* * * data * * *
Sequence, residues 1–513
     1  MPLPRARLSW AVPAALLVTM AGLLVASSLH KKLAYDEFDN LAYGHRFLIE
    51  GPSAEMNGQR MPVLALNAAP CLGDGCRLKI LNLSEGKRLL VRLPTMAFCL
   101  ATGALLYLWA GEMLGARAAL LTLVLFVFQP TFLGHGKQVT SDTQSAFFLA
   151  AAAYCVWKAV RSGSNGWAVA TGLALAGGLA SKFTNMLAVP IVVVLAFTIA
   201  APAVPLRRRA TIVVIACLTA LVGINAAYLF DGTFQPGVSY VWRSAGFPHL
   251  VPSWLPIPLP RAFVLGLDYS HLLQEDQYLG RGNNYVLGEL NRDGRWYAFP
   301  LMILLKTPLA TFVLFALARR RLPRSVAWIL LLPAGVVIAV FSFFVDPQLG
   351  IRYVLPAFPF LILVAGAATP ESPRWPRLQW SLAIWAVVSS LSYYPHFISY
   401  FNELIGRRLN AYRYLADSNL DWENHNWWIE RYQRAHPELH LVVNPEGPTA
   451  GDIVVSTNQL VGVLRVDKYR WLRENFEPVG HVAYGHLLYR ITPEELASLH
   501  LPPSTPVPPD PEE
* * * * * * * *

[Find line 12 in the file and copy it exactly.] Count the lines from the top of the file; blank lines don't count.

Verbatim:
   501  LPPSTPVPPD PEE